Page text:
According to Instagram, they will now “nudge” teenagers away from the harmful content on their feeds. Not just that, they will also be starting with the “take a break” feature which is a part of Instagram’s latest attempt to address revelations about the effect of Facebook products on the Mental health.
This plan has been released almost in a week or less after Facebook was accused of putting profit over safety by whistleblower Frances Haugen.
Internal Facebook studies were leaked out by Haugen, which showed that Instagram can worsen body images issues and insecurities, eating disorders and other mental health problems, especially when the users are teen girls. She said that Facebook, Instagram’s algorithm can keep these teenagers hooked on it by showing them addictive photos and videos, even though the content is causing mental health issues.
New feature of Facebook looks like and attempt to address such criticism.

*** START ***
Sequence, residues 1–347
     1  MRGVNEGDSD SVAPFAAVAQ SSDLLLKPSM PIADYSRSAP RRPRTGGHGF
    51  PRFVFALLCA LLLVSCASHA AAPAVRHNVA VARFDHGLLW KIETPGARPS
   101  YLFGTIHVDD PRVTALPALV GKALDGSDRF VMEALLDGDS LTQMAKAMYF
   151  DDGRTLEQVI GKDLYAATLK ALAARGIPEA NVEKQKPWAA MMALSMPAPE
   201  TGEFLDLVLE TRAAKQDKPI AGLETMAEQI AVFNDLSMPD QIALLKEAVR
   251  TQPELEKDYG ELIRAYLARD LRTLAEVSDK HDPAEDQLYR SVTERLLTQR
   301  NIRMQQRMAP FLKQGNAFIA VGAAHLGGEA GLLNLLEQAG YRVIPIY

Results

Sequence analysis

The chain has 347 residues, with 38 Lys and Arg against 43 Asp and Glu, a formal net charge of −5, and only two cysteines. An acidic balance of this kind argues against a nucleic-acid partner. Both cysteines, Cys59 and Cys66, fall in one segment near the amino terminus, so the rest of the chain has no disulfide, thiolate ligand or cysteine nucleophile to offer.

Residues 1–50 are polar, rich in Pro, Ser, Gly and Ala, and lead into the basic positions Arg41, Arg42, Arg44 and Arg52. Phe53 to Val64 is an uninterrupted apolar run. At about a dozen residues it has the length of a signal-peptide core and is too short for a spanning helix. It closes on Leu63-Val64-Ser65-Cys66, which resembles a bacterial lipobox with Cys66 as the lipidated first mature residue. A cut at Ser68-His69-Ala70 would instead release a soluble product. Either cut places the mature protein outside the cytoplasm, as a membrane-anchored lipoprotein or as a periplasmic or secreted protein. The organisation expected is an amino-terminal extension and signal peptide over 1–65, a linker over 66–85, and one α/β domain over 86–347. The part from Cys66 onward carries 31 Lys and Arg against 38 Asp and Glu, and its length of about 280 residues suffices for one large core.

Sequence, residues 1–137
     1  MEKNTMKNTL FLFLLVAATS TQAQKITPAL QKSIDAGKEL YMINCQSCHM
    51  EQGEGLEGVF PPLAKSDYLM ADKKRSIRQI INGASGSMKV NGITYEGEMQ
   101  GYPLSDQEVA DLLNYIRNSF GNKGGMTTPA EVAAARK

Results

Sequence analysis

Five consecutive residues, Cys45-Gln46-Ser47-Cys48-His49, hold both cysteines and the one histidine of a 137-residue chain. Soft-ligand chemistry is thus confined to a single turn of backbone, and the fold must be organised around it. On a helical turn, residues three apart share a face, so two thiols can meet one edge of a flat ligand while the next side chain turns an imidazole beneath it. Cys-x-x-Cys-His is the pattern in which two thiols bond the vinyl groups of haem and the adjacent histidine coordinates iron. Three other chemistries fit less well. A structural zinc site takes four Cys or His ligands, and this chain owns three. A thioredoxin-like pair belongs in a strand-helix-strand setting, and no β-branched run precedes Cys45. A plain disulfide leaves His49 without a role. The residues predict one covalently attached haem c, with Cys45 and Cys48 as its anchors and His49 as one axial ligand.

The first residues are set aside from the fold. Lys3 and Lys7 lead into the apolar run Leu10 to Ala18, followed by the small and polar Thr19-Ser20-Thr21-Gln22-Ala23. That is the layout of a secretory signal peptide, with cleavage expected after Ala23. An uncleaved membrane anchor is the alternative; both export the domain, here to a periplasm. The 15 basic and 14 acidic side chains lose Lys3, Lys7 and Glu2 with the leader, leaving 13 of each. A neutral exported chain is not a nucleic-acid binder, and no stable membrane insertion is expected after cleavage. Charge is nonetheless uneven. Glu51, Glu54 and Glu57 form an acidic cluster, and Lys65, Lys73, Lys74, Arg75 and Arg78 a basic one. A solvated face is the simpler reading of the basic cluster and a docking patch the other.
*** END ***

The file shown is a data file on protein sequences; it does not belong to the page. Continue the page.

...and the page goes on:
“We’re going to introduce something, which I think will make a considerable difference, which is where our systems see that a teenager is looking at the same content over and over again — and it’s content which may not be conducive to their wellbeing — we will nudge them to look at other content,” said Facebook’s vice president of global affairs, Nick Clegg, in an interview with CNN on Sunday.
Facebook didn’t say how it would decide what content isn’t “conducive” to a teen’s well-being, or how it would differentiate between, say, a girl watching gymnastics videos vs. a girl watching extreme weight-loss videos.
According to Clegg, the company will also introduce tools for parents to monitor their children’s Instagram usage, as well as a “take a break” feature.
“We will be prompting teens to just simply take a break from using Instagram,” said Clegg. He also didn’t go into detail about how that feature would function. Facebook did not respond to a request for more information on the new features from The Washington Post.